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Doeg

This doeg is in fact a Labrador retriever. And the rendering is in pastel.

Archeological evidence indicates dogs and humans have lived together since around 12,000 B. C. This was toward the beginning of the Paleolithic Era (New Stone age) and still long before the domestication of livestock. So the not terribly difficult conclusion to reach is that the first domesticated dogs were used for hunting.

Dogs, though, were also a means of protection. If you haven't noticed, they love to chase things and don't seem to care what it is. They are also capable of holding at bay large and dangerous animals - lions and tigers and bears. So if a band of hunters came across something that would hunt them, a couple of dogs could hold the larger animal off and give the humans time to get away.

Dogs are also hunters and they can easily chase down large game animals. The distinctive characteristic of the domesticated dog from their wild cousins is that domesticated dogs are happy to chase and corner game animals but will hold off actually attacking it. Although dogs can outpace their human owners, their barking indicates where and how far away the prey was. Hunting dogs don't have to be big either. One of the most absurd sights is to see a terrier chasing after a herd of cows with the cows high-tailing it around the field.

In return, dogs themselves found that living with people had its advantages. They could eat the same food as their owners and having people prepare your meals was something that dogs expect to this day. But dogs are also happy with the bits and parts that the people threw away. Although less common today, dogs do love to chew on bones. They also adapted quickly to human dwellings and were happy just to lay around and not bother anyone.

All dogs are descended from wolves and now show more variety than any other species. Depending on the breed, a dog can weight from 2 to 200 pounds. Their ears can stand up or be long and floppy. Tails bend down or curve up. Their faces can be long and sleek or flat and pug. But whatever a modern dog looks like, it looks like it does because some person wanted it that way.

Exactly how dogs and people ended up being inseparable must remain conjectural. One suggestion is that humans would come across wolves who had brought down some large game animal. The humans - if there were enough - would drive the animals back and snitch some of the meat. Eventually the people would discard the bones a discreet distance from their settlements and the smaller of the animals would find that sticking close to people had its advantages. Eventually the more docile animals would lose its fear of humans and become what we think of as pets.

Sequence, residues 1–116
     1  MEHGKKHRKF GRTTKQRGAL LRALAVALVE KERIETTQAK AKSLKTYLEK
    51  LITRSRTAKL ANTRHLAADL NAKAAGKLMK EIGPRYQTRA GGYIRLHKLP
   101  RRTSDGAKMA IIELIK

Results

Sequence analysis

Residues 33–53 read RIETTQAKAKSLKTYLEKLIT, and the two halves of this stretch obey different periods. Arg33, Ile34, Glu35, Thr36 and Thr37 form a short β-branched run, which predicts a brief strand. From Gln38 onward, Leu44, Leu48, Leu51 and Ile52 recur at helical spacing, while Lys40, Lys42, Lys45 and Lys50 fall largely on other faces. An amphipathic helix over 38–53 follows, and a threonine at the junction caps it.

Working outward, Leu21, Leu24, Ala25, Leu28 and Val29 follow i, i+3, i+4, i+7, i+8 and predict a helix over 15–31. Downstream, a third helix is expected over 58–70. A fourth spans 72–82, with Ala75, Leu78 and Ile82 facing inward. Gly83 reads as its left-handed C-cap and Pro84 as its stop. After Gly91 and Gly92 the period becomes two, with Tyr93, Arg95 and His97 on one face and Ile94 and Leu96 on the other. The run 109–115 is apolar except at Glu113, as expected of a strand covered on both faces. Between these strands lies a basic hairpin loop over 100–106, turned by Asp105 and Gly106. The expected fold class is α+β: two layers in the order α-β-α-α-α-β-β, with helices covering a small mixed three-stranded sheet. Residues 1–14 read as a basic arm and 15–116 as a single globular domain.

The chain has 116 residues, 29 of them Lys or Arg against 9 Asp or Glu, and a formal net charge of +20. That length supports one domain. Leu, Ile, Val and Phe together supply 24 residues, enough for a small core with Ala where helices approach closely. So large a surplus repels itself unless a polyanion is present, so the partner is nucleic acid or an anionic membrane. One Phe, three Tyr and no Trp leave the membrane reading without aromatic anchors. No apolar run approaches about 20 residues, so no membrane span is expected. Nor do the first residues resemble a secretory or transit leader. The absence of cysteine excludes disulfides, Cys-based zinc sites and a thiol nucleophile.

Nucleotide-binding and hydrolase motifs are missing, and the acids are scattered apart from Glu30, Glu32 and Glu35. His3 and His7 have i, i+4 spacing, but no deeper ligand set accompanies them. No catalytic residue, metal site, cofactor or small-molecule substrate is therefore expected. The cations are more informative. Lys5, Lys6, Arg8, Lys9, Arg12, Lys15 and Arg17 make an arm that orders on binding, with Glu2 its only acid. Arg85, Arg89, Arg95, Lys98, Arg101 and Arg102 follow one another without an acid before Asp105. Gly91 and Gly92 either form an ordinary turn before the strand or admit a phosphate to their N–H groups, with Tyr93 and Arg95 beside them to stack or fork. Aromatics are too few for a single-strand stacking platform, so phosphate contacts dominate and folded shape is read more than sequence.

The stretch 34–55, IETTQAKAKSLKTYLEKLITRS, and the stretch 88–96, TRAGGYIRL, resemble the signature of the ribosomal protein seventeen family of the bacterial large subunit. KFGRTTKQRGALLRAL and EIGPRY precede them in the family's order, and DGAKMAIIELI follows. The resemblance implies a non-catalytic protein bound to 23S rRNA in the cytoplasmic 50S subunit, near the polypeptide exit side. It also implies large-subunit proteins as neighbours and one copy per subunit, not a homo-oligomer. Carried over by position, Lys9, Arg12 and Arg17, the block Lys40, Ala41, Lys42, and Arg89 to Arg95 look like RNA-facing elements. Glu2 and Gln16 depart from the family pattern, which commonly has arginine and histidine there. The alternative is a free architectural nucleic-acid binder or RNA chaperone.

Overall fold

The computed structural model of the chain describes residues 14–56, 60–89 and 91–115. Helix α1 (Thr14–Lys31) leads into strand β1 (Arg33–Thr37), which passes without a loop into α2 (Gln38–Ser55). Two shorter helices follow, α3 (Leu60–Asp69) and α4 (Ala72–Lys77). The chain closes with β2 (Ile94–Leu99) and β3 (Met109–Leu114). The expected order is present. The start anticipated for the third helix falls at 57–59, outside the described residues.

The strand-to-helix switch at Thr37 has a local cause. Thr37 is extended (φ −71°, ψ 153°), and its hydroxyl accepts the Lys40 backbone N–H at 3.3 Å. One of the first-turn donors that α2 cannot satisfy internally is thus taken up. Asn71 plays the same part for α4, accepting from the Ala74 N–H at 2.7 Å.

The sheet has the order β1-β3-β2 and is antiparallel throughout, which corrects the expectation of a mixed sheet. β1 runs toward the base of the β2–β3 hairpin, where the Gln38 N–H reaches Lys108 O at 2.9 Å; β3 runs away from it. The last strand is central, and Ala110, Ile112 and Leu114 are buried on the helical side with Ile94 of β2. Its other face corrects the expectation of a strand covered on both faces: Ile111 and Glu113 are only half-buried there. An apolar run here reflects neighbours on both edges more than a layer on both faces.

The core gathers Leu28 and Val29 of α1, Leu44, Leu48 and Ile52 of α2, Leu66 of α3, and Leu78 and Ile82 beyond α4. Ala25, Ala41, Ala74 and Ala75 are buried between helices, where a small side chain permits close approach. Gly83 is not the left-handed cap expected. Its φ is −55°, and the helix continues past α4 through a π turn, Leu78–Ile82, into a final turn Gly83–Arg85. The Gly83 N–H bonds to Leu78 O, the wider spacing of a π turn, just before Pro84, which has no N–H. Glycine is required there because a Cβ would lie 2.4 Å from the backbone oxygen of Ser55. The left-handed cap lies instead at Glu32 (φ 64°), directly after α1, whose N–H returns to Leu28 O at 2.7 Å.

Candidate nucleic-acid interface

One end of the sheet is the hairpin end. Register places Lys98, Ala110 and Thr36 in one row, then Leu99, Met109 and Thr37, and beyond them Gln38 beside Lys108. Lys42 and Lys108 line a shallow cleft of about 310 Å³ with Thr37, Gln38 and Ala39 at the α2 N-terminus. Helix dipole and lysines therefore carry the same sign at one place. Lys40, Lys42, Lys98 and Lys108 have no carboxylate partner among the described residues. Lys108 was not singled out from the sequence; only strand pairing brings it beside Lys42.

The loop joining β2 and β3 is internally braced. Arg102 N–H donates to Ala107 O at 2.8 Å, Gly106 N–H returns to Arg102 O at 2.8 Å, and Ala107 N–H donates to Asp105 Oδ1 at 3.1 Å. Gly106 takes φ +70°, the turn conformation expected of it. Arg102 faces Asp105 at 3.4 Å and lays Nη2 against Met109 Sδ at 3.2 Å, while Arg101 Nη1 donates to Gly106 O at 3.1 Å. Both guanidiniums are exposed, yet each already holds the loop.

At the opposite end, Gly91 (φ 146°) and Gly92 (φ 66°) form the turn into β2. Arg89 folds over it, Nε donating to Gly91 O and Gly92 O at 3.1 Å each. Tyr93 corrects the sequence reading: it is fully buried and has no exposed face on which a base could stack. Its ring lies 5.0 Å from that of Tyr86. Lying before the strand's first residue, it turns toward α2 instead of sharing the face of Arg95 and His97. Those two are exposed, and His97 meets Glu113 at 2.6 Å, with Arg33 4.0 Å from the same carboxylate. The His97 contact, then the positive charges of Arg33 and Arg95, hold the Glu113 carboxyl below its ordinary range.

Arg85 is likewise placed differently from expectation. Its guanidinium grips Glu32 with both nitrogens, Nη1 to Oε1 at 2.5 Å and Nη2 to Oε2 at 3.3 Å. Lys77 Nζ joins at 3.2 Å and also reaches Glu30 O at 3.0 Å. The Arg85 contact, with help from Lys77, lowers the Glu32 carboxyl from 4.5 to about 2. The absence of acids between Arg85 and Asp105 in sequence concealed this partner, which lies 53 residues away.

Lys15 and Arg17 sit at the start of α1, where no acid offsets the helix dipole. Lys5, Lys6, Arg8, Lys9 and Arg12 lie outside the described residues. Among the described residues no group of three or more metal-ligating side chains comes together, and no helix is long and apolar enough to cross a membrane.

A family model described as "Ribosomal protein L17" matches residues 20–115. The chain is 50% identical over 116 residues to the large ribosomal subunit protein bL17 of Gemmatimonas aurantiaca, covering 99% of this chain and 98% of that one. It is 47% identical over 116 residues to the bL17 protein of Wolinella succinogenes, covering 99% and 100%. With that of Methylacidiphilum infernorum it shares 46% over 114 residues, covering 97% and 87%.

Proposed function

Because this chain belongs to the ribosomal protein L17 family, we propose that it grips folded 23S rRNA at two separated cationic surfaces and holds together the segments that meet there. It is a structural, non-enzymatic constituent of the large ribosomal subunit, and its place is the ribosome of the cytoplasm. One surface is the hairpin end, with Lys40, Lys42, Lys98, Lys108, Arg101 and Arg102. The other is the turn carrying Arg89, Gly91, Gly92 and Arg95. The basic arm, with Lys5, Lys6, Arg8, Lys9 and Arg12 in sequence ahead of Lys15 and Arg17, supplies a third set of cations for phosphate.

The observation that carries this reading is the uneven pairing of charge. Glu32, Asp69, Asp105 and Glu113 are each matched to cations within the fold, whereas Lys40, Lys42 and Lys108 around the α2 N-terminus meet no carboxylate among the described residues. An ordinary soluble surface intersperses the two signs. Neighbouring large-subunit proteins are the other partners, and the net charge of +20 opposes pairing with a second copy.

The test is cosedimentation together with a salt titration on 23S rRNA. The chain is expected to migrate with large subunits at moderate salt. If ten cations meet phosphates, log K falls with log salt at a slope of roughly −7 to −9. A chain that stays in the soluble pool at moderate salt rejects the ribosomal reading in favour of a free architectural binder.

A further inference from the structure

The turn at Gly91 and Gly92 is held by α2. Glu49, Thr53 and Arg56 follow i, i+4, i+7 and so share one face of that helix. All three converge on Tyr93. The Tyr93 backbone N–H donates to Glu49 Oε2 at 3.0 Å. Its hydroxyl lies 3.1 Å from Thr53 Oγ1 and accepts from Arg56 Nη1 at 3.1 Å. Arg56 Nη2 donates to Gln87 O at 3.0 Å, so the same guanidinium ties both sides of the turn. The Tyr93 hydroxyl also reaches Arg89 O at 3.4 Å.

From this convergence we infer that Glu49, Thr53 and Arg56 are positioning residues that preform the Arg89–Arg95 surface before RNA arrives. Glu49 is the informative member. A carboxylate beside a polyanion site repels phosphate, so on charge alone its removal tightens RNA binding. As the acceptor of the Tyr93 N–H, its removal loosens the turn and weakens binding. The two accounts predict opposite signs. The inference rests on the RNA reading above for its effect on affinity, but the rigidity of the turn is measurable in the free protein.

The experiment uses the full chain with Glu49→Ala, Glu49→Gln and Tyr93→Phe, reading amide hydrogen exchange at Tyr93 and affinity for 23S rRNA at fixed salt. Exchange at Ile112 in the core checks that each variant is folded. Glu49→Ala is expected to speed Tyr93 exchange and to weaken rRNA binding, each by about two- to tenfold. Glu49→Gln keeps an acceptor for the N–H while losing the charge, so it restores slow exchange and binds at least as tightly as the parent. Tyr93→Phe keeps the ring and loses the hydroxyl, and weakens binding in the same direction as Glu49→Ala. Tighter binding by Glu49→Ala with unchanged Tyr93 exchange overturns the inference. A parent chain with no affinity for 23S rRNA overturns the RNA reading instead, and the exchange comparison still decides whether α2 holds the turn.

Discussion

Complete domestication takes some time. Tests with foxes have shown that about 40 generations are needed to produce the familiar dog-like behavior - wagging tails, lolling tongues, and the like. But this experiment was carried out specifically with the idea of creating a domesticated animal. Going from a wolf to a happy tail-wagging dog could have taken millennia.

At one time dogs and wolves were considered separate species. A wolf was Canis lupus and a dog was Canis familiaris. But now dogs and wolves are lumped as subspecies of the same species. Both are Canis lupus, with the dog - sorry, that's the doeg - being Canis lupus familiaris. Different subspecies of wolves have their own designation.

Why the dogs and wolves were designated separate species seems perplexing because it was well known that dogs and wolves could interbreed and produce fertile offspring. But "not-producing fertile offspring" includes "not producing any offspring because of any reason". The concept is not restricted simply to animals that have chromosomic mismatches.

Speciation is a complex process and concept. For instance, some species have fertile offspring if one gender of one species mates with the other gender of the other species. But switch the genders and you don't have fertile offspring. Hence, they are different species. There are also different species where you will have varying numbers of the occasional random fertile offspring, but usually you don't.

We see, then that defining different species is not clear cut, and there are graduations of speciation. Some varieties of animals are widely dispersed geographically and are able to viably interbreed with the neighboring groups. But if you select animals at the ends of the geographic distribution, you'll find they cannot biologically produce offspring. This phenomenon has been observed most noticeably in wild donkeys in Africa.

Physical differences can also prevent producing offspring - and hence fertile offspring. One biologist pointed out that a Great Dane and a Chihuahua would best be considered separate species scientifically, and it is mainly for convenience that both are dubbed Canis lupus familiaris. In the wild they would be unable reproduce. So we do, despite some contrary claims, have a bonafide observable example of speciation, albeit one created by humans mucking about.

References

The Labrador Handbook: The Definitive Guide to Training and Caring for Your Labrador, Pippa Mattinson, Random House, October 1, 2015.

Dogs: History, Myth, Art, Catherine Johns, Harvard University Press, 2008,

"Why Are Different Breeds of Dogs All Considered the Same Species?", Nikhil Swaminathan, Scientific American, March 5, 2008.

"Man's New Best Friend? A Forgotten Russian Experiment in Fox Domestication", Jason G. Goldman, Scientific American, September 6, 2010